The L19 was lost with all hands after Dutch ground fire brought it down in the Channel… and the Allied press loved it.

They did well.  Attacks on England by flotillas of four and five ships were carried out without loss in April 1916 and, as numbers of operational ships grew, the next few months saw the climax of their career as long-range bombers. Britain suffered twenty more raids during the year, five German Army airships performed well on the Eastern Front, suffering just one loss, and three more were deployed in the Balkans, though with less success. Yet just as the Zeppelins were starting to deliver as promised, aircraft technology was finally passing the tipping point that ended the argument about their strategic value.

By late 1916, modern fighter aircraft could reach and destroy the highest airship, and heavier, multi-engine aircraft could deliver bigger, more efficient strategic bombing attacks.  A reorganised German Army Air Service lost interest in airships, preferring to concentrate on its heavy aircraft programmes, and ceased Zeppelin operations altogether from June 1917.  German Navy Zeppelins continued in service until the end of the War, carrying out small raids and occasional supply missions, but they were never more than a marginal nuisance.  The day of the military airship had passed.

In some ways the raid that shocked the Midlands during the last night of January 1916 was the Zeppelins’ finest hour.  The sheer distance they travelled and the surprise they caused took strategic bombing to a new level, and foreshadowed massed raids to come, as did the incidental fact that the attack caused only civilian casualties. In other ways it was their last hurrah, bigger than any operation subsequently attempted with airships, and the last time they carried the baton for strategic bombing theory before it passed to the ancestors of the B-52.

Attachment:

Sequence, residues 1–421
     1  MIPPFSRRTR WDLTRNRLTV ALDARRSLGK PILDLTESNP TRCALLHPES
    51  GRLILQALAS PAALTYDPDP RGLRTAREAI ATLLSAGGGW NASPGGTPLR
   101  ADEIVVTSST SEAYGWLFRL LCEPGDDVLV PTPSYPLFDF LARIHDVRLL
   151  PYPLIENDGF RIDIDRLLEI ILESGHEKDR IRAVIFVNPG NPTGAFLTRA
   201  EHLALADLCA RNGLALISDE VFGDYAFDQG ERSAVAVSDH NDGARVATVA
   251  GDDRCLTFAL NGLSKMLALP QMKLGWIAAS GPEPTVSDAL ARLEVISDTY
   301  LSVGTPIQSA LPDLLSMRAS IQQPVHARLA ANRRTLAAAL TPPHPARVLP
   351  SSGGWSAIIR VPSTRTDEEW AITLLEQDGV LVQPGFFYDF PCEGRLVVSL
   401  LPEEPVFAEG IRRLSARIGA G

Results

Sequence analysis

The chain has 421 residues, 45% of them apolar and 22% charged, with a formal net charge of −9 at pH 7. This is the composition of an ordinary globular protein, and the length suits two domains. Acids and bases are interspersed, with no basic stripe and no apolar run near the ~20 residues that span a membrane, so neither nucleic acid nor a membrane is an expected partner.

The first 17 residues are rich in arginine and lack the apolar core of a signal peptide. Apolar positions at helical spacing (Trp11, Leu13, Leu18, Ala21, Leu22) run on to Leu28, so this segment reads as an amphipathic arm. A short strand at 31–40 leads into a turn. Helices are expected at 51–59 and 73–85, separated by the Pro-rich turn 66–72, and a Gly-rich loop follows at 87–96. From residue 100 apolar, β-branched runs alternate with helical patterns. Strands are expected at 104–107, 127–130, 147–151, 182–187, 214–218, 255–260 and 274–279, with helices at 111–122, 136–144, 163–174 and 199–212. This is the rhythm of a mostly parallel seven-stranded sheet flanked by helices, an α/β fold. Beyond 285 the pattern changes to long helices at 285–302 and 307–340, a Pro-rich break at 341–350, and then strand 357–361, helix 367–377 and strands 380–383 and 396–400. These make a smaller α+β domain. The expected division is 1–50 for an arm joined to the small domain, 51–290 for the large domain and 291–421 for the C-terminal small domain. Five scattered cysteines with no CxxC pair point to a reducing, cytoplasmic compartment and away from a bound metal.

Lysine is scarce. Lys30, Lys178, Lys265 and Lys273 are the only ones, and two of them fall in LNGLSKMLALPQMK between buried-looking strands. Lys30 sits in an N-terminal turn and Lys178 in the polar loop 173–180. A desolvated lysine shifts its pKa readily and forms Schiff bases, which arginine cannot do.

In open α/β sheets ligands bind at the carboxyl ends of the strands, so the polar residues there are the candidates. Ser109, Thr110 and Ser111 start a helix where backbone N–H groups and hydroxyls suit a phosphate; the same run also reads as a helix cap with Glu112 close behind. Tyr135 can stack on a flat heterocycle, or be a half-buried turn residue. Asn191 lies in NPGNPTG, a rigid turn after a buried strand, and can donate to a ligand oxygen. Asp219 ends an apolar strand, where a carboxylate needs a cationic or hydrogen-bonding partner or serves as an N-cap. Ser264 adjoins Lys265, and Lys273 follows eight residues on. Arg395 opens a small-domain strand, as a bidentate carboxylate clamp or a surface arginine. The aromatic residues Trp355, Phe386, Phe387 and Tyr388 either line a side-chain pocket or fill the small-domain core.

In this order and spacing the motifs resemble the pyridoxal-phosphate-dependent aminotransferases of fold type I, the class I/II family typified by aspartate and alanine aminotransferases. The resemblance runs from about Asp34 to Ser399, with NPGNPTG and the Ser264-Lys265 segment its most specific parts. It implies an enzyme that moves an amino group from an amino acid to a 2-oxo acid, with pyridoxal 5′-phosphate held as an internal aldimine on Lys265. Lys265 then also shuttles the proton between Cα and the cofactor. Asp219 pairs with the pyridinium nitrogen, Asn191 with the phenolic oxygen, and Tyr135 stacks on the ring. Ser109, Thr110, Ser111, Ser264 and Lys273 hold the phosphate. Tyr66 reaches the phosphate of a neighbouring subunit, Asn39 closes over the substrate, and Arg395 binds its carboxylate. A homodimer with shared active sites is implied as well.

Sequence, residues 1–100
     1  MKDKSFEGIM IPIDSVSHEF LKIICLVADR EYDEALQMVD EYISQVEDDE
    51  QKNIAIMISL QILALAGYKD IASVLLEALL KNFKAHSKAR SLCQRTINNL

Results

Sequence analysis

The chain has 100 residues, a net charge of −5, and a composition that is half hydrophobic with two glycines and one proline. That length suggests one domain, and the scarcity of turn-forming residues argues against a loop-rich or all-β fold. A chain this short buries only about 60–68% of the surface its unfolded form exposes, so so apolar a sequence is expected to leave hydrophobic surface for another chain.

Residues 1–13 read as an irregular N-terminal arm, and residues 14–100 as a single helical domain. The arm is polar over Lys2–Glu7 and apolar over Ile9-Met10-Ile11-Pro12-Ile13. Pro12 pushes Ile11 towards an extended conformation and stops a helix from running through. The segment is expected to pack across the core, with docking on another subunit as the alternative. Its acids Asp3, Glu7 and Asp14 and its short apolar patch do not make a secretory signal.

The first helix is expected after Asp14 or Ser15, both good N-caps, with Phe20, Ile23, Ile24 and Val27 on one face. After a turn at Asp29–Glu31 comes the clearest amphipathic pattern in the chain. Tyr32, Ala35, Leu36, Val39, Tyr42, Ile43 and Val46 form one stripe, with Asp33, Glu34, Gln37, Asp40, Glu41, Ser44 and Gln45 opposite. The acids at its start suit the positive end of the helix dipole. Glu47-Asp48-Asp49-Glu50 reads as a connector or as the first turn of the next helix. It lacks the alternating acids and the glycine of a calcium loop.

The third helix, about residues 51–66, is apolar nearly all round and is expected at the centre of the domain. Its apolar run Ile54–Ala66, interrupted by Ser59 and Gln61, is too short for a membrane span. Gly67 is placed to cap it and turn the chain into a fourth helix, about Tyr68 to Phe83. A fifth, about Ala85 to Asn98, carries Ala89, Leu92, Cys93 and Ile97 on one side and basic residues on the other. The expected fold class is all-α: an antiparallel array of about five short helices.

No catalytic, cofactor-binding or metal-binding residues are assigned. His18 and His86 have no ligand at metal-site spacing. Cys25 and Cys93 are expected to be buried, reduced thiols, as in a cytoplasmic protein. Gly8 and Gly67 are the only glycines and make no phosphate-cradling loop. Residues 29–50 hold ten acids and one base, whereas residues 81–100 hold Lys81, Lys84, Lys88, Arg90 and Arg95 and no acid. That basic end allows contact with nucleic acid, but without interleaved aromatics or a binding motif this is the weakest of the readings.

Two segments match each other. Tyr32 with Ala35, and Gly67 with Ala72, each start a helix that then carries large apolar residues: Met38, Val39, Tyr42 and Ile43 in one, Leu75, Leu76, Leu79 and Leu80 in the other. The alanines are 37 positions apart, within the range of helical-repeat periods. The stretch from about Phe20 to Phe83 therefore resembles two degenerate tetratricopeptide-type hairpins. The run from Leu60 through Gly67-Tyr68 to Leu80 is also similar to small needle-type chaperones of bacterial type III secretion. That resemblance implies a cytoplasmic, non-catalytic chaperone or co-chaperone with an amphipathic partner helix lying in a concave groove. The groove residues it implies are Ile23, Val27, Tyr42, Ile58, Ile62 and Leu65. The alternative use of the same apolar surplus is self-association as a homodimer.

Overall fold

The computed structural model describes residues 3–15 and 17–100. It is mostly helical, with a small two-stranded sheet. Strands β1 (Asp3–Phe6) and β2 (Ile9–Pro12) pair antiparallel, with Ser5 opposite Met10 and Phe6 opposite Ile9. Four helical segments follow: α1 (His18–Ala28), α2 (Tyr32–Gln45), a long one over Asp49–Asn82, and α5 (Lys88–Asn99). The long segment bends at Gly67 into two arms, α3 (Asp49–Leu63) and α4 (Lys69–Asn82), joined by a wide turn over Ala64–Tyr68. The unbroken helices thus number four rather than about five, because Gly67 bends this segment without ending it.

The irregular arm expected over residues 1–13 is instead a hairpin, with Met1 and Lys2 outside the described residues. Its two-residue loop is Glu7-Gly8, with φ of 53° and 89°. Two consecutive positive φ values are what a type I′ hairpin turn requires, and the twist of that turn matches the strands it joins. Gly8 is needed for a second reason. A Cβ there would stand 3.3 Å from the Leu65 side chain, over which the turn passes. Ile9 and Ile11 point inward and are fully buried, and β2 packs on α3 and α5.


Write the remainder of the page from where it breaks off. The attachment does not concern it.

1 FEBRUARY 1916: Alex in Wonderland

The early part of 1916 wasn’t a good time for imperial leadership in Europe. The British government was dithering in search of strategic inspiration, and French political authorities were struggling to maintain credibility with an increasingly war-weary population. The pressures of total war under blockade conditions were forcing German society and economy into dangerous overdrive, and were destroying the socioeconomic unity of the Austro-Hungarian and Ottoman Empires.

In London, Paris, Berlin, Vienna and Constantinople, authorities were sharply aware that keeping the body politic onside and committed to victory was vital to national survival, so that even the Kaiser’s conservative and autocratically inclined regime tried to at least present military and sociopolitical changes as ultimately beneficial to Germans in general.

Over in St. Petersburg, none of that stuff bothered the Romanovs.

A century ago today, Boris Stürmer replaced Ivan Goremykin as Russian prime minister.  Unlike other changes at the top around Europe during the winter of 1915–16, the appointment had nothing to do with keeping opposition politicians, the national workforce or anyone else onside – and everything to do with keeping Tsar Nicholas and his wife happy.